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A Reflection on Conquering Anger

I'll admit it: I really like driving in the fast lane on the highway. Although, I am well aware that if there is a vehicle approaching faster behind you, it is proper to signal to the right lane in order to let the faster vehicle pass on the left. Yesterday, I took the highway to make the 30 minute drive to my mom's house in the county. It was a particularly nice day outside, and I was basking in the freedom away from the quarantine lifestyle I was living for the past few weeks. I was listening to some podcast on NPR and enjoying the opportunity to drive.

As I was in the fast lane, I saw a motorcycle approach behind me and was about to merge out of the way. Before I could, the biker gunned past me in the right lane and flipped me off. I took this opportunity to analyze my thoughts. Before my Stoic training, this event would have set a negative precedent for the rest of the day. Instead, I smiled to myself and thought how ridiculous it was for someone to get so upset about something so trivial - an error that I have made many times before. After this brief interval of analysis, I continued my care-free cruise.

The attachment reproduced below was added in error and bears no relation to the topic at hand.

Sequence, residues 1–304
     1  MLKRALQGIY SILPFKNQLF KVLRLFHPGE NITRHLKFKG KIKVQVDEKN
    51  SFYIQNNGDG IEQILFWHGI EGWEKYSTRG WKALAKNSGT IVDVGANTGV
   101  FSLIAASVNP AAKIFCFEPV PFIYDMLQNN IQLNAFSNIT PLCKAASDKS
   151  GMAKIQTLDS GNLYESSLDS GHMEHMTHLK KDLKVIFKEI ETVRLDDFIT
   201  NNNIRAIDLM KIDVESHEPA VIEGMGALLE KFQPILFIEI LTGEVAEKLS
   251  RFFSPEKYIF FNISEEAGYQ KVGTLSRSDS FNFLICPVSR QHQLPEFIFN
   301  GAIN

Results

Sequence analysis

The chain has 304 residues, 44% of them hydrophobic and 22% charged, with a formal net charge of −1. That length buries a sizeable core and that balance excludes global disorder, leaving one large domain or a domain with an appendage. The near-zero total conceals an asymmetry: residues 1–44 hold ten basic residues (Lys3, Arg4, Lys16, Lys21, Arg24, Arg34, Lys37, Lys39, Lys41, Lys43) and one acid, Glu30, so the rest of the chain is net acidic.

The next day, I read The Enchiridion. I came upon passage 28 that says, "If someone handed your body over to somebody whom you encountered, you'd be furious; but that you hand over your mind to anyone who comes along, so that, if he abuses you, it becomes disturbed and confused, do you feel no shame at that?" After reading that quote, I immediately thought about my mental transaction with the biker on the previous day. I felt a sense of triumph in not letting something so small take control of my mental energy.

(cover photo: Anger by Bertro).

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